The plan is Lamb Thursday. I’ll keep ya posted. (And possibly I’ll put the slow cooker in a baking dish in case it explodes/leaks while I’m at work, which seems totally likely, and yet does not deter me from this “plan” in the slightest.)

Smoked salmon & hazelnut linguine

Yet another dish I cooked up on the fly without noting any specific quantities. Let’s see if I can reverse-engineer this baby, because it was DELICIOUS.

Set a large pot of salted water to boil for your fresh linguine (we use Seattle’s Cucina Fresca brand. Not to be confused with my friend Brooke).

Mince 1 shallot (or 1 bulb if large) and 2 garlic cloves with a few sprigs of Italian flat-leaf parsley. (I use the chopping attachment to my Cuisinart hand mixer.) Brown a tablespoon of salted butter in a skillet (I like cast iron). Once brown, add another tablespoon, reduce heat to medium low, and add in minced shallot-herb mixture. Add 1 cup double-strength chicken stock (I use the Organic Better than Bouillion). Reduce to very low and let this simmer while you…

Pour 1/4-ish cup milk (I used whole) in a pot, bring to gentle boil. Add a tablespoon or so of unbleached white flour, mix in the lumps, and roux it up. Eventually add a glob of cream cheese (1/3 c?), a similarly sized glob of sour cream, a quarterish cup grated parmesan, and a splash of kefir, and enough milk to thin it all out. Mix and melt but don’t overheat it to burning.

Crush some raw hazelnuts (I smashed them in the pestle part of my mortar and pestle with a mojito muddler, because well, we just unpacked and I can’t find the damn mortar. Assuming the mortar is, in fact, the stick part. You know what I mean. Smashy smashy.) Coat with a bit of olive oil and nice salt, and toast in (toaster, if you like) oven until the oil sizzles and the nuts begin to brown and become fragrant.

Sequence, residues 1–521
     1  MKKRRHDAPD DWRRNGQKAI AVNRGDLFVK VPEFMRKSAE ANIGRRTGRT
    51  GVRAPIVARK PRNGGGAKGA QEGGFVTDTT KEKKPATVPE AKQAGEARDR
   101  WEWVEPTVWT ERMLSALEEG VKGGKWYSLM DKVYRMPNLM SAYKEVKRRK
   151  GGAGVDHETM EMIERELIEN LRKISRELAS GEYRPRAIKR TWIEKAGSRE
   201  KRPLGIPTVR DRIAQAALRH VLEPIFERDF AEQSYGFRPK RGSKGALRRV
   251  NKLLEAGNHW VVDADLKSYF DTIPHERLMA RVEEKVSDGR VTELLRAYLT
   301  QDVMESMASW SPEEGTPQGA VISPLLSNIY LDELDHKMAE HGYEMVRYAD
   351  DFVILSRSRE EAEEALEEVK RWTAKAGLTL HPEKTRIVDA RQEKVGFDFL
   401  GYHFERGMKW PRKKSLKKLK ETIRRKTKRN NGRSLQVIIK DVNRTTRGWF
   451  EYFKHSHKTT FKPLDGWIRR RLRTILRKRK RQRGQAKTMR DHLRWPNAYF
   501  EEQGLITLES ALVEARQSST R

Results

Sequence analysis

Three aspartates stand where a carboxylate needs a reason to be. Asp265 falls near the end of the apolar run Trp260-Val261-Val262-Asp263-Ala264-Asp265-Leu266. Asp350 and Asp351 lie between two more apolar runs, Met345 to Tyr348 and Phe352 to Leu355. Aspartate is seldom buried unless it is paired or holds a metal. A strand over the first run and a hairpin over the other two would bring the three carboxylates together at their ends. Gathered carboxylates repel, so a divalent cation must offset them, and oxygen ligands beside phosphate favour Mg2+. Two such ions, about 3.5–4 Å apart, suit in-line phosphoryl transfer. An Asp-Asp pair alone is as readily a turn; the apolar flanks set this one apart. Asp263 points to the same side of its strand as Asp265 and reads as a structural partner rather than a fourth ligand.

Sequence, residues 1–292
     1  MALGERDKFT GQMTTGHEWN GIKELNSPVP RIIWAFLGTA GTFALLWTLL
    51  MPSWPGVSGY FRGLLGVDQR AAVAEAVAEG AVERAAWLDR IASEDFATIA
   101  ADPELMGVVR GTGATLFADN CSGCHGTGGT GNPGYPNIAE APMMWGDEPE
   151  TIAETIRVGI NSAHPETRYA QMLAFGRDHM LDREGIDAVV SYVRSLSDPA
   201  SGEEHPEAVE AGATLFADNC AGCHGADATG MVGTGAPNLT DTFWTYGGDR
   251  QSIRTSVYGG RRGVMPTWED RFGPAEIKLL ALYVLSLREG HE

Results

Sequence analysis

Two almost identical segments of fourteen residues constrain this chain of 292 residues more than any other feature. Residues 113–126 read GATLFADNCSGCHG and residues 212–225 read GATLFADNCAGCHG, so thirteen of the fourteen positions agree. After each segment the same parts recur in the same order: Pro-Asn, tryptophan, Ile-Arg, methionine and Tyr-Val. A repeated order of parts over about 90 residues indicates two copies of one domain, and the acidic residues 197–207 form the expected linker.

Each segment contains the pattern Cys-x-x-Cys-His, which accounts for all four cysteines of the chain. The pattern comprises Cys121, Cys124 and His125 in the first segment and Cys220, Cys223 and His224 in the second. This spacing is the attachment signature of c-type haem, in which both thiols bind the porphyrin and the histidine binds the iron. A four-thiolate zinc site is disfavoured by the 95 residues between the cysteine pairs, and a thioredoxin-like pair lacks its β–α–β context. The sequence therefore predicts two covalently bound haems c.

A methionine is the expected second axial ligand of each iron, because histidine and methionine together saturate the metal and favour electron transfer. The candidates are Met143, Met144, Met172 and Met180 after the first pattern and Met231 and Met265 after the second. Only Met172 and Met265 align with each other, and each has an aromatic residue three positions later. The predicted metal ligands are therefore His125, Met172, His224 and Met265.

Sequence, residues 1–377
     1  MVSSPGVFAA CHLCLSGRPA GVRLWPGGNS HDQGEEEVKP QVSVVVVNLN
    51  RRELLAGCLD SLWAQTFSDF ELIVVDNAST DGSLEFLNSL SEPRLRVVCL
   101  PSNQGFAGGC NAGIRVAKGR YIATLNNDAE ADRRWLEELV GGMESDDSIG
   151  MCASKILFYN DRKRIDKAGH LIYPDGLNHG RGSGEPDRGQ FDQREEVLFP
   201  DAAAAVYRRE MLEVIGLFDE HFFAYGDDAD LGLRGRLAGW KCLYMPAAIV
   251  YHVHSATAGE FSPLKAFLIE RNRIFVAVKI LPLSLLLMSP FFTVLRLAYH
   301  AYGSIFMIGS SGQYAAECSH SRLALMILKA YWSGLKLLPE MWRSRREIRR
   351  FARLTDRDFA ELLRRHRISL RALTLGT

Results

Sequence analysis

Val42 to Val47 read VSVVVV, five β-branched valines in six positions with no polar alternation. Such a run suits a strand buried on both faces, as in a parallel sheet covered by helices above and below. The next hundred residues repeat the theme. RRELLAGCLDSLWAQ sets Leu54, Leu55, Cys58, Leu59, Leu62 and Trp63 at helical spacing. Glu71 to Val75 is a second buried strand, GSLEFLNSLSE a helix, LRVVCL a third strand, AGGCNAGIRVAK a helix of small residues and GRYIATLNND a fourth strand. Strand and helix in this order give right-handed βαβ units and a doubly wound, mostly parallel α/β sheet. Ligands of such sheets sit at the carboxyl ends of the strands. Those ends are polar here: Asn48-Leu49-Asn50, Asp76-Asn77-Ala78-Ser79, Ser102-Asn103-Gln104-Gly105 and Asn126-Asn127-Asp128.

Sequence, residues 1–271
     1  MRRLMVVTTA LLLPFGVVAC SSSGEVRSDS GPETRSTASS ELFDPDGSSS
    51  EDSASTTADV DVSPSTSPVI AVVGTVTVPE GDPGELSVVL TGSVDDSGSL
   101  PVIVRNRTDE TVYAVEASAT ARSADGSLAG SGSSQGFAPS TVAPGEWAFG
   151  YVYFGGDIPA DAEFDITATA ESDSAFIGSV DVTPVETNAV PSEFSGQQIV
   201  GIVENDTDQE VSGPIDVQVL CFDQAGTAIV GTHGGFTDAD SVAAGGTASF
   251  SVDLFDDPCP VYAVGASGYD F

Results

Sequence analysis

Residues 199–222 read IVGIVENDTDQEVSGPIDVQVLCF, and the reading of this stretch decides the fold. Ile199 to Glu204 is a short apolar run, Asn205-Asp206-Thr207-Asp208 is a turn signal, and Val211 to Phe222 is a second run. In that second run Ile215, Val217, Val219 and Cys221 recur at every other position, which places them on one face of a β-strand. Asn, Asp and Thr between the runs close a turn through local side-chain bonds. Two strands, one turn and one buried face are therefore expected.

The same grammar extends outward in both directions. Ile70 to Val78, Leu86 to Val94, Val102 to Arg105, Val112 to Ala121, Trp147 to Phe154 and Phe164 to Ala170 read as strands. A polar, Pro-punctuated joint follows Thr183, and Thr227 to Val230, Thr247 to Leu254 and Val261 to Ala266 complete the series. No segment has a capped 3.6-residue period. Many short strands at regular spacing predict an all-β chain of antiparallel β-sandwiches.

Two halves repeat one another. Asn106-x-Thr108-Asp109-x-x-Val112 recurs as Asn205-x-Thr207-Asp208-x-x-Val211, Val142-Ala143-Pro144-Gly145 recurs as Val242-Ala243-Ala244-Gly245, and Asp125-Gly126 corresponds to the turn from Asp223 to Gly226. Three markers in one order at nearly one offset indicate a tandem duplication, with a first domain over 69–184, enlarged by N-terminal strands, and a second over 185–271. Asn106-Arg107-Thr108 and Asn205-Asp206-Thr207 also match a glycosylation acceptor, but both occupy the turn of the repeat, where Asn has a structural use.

When finished, break up chunks of dry (non lox-style) smoked salmon, being careful to remove any bones, and stick the salmon in a bowl to warm up in the remaining heat of the toaster oven.

Boil the pasta for 30-60 seconds less than the stated cook time. Drain, combine with sauce, curse about having made way too little sauce for that quantity of pasta like you always do. Oops. Add in hazelnuts and salmon while combining, garnish with grated Parmesan; devour immediately.

Back to food (and food blogging) with BEEF

Well, as you may or may not have gleaned from various Tweets and status updates or from real-life knowledge, the hubby and I had a busy first quarter. We went to Rio de Janeiro in late February, where hubby served as the wedding officiant for two great pals. Then we came back, almost immediately closed on our new house, and then almost immediately moved and have spent almost every waking second on home improvement or spending loads of money on theoretical home improvement. Oh, yeah, and both of our day job companies are gearing up for major releases. Busy!

But oh, so worth it. Don’t worry, some Brazil-specific posts are coming soon, about all the deliciousness therein. But for now, let’s focus on COOKING in a KITCHEN that I OWN. Not only did I make some interesting appliance discoveries, but I just care so much more about the place since it’s mine! We’ve tinkered with a few meals or dishes here and there, but this is the first fully cooked at home DISH that I did in my new cuisine, upon Grant’s request: Beef Stroganoff.

I used the Epicurious recpie with some substitutions and quantity wild guesses, and it turned out lovely (though I prefer a higher meat-and-sauce-to-pasta ratio so I might use half the noodles next time, or double the rest). Grant wanted to make it with ground beef instead of steak like the recipe calls for, so we compromised on inexpensive but still not ground up stew meat. (The idea of it with ground meat totally grosses me out, but maybe that’s just me?)